What are environmental NGOs’ principal sources of influence?

In recent years, there has been a proliferation of high-profile environmental organisations and movements across the West. The principal aim of these groups is to induce governments to take more decisive action on a range of environmental problems. Think, for example, of the Sunrise Movement, Fridays for Future, and Green New Deal Rising. This raises the question of how, exactly, non-government organisations (NGOs) can most effectively discover and wield influence.

At the risk of oversimplifying a complex issue, there are three fundamental means by which environmental NGOs can exert influence. Firstly, NGOs can exert normative power by harnessing their reputations as a force for good. This is especially meaningful as a means of agenda-setting. Publics generally acknowledge that NGOs are deeply committed to resolving the issues they were established to address, and are thus willing to listen when NGOs bring new issues to the table. For example, NGOs proved crucial in bringing climate change to the public agenda in countries around the world from the 1980s onwards.

Secondly, NGOs can exert an influence by lobbying. This aspect of their behaviour is perhaps less appreciated than their normative role; NGOs do not just organise campaigns and demonstrations, but also gain access to negotiators and officials by harnessing their research and expertise on a given issue. For example, Greenpeace can offer the data that it independently collects on environmental issues around the world as a means of winning access to negotiators. Environmental NGOs may even draft treaty texts for state negotiating teams to emulate or build upon, a function that developing countries, which typically send smaller negotiating teams to international environmental summits than rich countries, may be especially inclined to exploit. Clearly, then, whereas normative power helps NGOs to set the public agenda, lobbying power helps NGOs to influence negotiations once environmental issues have already been brought to the table. Consequently, the number of NGOs present at international climate summits has risen sharply over the decades, from just 250 at Stockholm in 1972 to thousands at Paris in 2015.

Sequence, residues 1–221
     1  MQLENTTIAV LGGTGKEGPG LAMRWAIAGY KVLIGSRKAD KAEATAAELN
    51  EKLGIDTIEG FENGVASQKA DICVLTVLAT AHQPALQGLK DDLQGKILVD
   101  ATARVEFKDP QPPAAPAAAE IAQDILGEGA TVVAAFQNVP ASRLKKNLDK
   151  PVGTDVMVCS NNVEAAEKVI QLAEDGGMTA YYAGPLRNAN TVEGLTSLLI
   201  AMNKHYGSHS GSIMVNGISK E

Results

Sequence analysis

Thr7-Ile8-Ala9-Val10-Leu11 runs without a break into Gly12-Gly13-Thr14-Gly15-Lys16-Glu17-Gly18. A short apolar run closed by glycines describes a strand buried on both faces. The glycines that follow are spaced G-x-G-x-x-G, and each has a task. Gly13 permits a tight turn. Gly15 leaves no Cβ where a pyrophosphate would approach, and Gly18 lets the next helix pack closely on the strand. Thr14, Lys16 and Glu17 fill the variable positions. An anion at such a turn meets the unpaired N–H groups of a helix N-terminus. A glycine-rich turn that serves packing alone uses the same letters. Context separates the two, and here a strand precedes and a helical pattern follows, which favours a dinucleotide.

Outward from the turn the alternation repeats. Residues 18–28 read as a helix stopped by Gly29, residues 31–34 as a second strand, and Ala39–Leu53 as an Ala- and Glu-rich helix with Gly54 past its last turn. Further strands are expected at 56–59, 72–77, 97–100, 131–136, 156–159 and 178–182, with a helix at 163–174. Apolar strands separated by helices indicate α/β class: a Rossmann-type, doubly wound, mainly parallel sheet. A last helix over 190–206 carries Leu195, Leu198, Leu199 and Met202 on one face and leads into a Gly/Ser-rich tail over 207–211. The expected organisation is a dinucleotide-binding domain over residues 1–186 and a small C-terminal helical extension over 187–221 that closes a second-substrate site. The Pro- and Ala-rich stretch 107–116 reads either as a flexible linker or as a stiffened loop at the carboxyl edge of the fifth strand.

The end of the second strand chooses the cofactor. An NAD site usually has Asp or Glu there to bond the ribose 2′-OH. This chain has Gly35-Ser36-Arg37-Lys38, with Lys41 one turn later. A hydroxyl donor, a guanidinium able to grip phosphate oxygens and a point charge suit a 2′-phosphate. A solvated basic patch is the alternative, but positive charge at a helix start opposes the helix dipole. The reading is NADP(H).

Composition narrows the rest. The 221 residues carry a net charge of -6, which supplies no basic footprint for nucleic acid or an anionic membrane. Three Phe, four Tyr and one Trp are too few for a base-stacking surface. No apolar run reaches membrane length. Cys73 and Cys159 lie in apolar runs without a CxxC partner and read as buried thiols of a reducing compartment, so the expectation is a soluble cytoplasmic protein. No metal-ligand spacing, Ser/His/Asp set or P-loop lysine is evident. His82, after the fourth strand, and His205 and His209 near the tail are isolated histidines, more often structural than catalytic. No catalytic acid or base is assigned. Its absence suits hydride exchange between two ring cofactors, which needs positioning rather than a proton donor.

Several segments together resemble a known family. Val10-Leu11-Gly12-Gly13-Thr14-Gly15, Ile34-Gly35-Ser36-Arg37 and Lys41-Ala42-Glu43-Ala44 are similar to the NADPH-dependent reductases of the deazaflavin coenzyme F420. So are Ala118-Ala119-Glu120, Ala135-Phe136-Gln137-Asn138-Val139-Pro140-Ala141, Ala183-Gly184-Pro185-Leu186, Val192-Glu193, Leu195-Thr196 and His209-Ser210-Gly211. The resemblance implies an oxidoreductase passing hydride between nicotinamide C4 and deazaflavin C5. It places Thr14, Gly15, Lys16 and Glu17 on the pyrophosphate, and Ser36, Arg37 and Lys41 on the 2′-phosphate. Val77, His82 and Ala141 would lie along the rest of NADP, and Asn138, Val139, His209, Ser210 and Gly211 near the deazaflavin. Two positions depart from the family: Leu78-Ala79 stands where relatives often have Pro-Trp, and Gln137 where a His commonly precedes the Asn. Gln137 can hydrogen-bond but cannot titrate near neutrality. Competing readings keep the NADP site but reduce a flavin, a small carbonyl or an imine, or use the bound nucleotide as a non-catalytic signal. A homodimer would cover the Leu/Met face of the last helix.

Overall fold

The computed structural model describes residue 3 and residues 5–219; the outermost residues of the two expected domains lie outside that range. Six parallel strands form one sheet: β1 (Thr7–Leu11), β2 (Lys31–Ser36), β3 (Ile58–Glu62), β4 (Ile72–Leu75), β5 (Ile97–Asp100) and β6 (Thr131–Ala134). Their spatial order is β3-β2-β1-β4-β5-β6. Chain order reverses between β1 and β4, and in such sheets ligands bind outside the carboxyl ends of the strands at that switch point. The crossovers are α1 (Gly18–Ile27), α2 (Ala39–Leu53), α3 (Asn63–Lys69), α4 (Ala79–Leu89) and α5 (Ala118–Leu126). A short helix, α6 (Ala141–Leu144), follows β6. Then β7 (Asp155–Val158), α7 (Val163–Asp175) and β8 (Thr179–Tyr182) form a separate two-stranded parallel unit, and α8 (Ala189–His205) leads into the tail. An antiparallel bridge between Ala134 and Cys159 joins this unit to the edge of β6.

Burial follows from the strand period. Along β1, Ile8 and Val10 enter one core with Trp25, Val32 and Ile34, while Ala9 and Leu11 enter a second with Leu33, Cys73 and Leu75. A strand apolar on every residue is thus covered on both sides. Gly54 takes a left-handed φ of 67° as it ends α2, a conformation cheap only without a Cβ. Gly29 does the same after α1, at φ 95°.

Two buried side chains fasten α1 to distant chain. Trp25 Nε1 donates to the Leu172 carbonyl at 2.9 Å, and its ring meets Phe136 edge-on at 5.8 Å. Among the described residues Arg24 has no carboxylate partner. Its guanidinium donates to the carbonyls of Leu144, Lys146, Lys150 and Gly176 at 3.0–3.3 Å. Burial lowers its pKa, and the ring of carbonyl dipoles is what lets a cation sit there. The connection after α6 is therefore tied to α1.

Thirdly, NGOs have significant market power. By naming and shaming businesses for their environmental misdemeanours, NGOs can cause considerable damage to corporate brands. They can also potentially mobilise consumer boycotts of misbehaving corporations as a means of changing business behaviour. Greenpeace’s successful campaign to change practices in the tuna industry in the 1980s stands as perhaps the clearest example of NGOs’ market power. This form of influence is especially important beyond the agenda-setting and negotiations stages, in the implementation phase. Corporations’ fear of NGO naming and shaming or boycott strategies provides them with an additional incentive to cooperate with environmental laws, trends, and agreements.

These different strategies can sometimes clash. For example, normative power is, by and large, an outsider strategy – NGOs wield it by putting public pressure on governments to act, rather than by lobbying or offering financial inducement. They might organise demonstrations or petition campaigns to make governments feel that they have no choice but to act. For example, in September 2019, some 4 million people across 160 countries participated in Fridays for Future demonstrations. Lobbying, by contrast, is clearly an insider strategy, relying on the formation of strong relationships with key stakeholders to directly influence their decision making processes. These insider and outsider strategies can be difficult to reconcile, as stakeholders are hardly likely to welcome into the fold organisations that they perceive as having orchestrated public hostility towards them.

This helps to explain the growth of an ever more diverse network of environmental NGOs, which is merely a reflection of the myriad means by which they can exert influence. Radical movements such as Extinction Rebellion, for example, are resolutely outsiders rather than insiders. They eschew direct negotiations with state officials, instead trying to raise public consciousness of environmental crises by devising high-profile provocations. This, it is hoped, will indirectly shape government behaviour, as publics should begin to demand action once they have been made aware of the scale of the problem. Extinction Rebellion is far removed from insider NGOs, such as the World Wide Fund for Nature or the Centre for Environmental Law, which tend to focus their efforts on lobbying or advising state officials directly.

Overall, two principal conclusions can be drawn from this blog. Firstly, NGOs are not homogeneous, but can rather wield influence by a variety of means: normative power, lobbying, and market power. Secondly, these distinct sources of power give NGOs influence at different phases of the long process of resolving environmental problems. Normative NGOs are especially effective at raising public consciousness of environmental issues and thus bringing them to the public agenda. Once this has occurred, lobbying NGOs exert a direct influence by liaising with state officials and negotiators. Then, once environmental laws and agreements have been devised, NGOs can apply their market power to enhance their implementation, as corporations fear that they will be named and shamed if they continue to abuse the environment. Therefore, NGOs do not follow a single playbook to achieve their goals, but are instead influential in different ways, at different times, and to different extents.


Joss Harrison